How to give feedback

Children, parents and residents will be surveyed throughout the scheme. Interested parties can also have their say on how the scheme might develop, what elements should be altered and whether it becomes permanent by emailing

Is the scheme legal?

Local authorities can implement 18-month Emergency Traffic Regulation Orders (ETROs) to control traffic in their area. These can be temporary or permanent.

The Department for Transport has also issued statutory guidance to help local authorities to adapt their streets quickly and cheaply to provide safe space for walking and cycling and to enable physical distancing. as part of the response to coronavirus (COVID-19).

Will I be fined if I enter a School Street?

The order associated with a School Street is a legal order to not enter the school street area, so you could receive a fine if an enforcement officer is in the area.

How much will traffic be reduced?

It is difficult to predict how much traffic will be reduced by a School Street. Similar schemes in the London boroughs of Camden and Hackney have achieved reductions of 43% and 34% respectively.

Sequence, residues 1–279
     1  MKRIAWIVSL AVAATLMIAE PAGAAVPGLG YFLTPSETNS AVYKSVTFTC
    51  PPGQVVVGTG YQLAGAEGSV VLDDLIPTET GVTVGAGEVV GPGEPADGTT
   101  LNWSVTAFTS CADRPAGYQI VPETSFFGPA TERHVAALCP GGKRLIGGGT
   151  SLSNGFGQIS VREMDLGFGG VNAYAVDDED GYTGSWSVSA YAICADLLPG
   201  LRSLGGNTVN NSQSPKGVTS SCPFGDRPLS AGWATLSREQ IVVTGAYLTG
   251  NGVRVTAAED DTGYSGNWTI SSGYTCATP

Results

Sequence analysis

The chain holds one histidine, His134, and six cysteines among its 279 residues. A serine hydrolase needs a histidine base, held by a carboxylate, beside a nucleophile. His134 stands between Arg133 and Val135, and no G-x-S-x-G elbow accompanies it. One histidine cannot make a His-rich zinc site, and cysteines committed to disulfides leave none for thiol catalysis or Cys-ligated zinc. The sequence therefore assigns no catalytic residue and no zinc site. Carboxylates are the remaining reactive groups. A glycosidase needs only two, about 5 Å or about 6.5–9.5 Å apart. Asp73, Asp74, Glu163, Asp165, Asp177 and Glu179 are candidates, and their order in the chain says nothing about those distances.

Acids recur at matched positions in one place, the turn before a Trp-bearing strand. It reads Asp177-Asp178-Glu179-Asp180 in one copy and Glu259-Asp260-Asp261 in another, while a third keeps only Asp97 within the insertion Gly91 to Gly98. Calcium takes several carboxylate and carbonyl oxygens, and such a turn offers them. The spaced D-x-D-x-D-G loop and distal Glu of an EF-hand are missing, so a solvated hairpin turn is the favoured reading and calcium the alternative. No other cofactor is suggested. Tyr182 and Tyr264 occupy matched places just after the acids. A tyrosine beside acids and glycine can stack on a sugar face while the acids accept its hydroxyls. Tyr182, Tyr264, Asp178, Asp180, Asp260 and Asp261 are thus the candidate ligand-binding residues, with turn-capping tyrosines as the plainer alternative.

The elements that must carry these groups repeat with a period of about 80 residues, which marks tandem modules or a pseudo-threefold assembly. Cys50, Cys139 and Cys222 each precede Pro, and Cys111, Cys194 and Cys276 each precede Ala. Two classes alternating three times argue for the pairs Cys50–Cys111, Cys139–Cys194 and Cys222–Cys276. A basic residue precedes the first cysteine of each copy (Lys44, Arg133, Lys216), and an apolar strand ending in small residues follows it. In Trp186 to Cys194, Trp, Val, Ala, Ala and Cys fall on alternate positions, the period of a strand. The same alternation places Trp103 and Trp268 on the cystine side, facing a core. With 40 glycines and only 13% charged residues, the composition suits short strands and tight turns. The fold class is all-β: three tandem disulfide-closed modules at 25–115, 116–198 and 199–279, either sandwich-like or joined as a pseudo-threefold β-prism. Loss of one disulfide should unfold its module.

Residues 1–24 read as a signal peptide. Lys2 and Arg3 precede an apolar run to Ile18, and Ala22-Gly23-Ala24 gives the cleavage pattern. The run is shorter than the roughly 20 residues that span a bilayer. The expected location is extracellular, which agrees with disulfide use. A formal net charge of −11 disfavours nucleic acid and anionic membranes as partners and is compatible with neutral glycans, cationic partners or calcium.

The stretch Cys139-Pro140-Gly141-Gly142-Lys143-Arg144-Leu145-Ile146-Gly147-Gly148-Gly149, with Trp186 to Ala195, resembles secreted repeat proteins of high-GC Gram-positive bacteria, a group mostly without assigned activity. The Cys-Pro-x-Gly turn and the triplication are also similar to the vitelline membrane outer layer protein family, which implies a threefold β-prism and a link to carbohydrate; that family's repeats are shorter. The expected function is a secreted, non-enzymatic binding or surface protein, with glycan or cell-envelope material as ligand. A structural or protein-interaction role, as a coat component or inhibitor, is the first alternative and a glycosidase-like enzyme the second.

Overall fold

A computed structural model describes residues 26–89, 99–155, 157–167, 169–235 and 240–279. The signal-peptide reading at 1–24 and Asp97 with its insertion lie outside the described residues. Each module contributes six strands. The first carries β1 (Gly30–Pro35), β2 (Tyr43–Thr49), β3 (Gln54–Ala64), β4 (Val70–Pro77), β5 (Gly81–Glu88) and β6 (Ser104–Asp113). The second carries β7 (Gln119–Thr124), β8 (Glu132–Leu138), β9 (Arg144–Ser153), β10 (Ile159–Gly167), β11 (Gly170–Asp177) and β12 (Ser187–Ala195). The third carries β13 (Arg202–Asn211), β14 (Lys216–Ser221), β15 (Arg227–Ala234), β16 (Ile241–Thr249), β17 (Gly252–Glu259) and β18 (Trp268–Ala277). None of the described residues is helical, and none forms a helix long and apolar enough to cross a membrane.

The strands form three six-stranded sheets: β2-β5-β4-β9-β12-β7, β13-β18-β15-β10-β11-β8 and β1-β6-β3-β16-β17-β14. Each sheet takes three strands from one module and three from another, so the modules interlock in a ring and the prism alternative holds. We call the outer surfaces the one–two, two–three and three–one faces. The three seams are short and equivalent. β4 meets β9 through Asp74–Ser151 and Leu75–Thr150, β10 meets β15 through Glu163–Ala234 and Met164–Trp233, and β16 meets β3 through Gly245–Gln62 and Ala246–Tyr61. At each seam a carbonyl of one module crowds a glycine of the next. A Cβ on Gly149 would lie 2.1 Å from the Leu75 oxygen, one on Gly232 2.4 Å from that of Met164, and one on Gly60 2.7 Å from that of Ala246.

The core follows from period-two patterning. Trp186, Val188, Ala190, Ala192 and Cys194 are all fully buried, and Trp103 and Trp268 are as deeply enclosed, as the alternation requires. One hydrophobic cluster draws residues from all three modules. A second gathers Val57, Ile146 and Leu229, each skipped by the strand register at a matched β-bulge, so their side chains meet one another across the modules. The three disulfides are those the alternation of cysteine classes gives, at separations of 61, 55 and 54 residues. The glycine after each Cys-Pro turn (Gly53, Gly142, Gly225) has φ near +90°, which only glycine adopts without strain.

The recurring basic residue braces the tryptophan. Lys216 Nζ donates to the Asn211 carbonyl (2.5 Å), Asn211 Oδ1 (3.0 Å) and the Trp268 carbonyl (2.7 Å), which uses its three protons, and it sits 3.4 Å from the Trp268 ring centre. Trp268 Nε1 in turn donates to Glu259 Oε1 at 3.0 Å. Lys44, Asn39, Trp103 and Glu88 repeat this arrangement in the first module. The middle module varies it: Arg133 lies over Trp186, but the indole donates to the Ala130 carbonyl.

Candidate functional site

How will road users be told about the School Street?

Warning signs will be installed near schools telling road users of the vehicle restrictions. We will also write to people in the area and advise them to avoid travelling during operating times.

We recommend that schools tell visitors about the road restrictions before planned meetings.

Before we implement a School Street

We contact statutory consultees, including but not limited to emergency services, county councillors, council highway officers, bus service providers, and affected schools and businesses. We also contact all residents that are impacted by the School Streets scheme.

How the scheme will be monitored and assessed

We will collect information about how pupils travel to school before and during the scheme and parents, residents and staff will be surveyed.  We will also assess the proportion of children meeting physical activity guidelines and any impact on their wellbeing.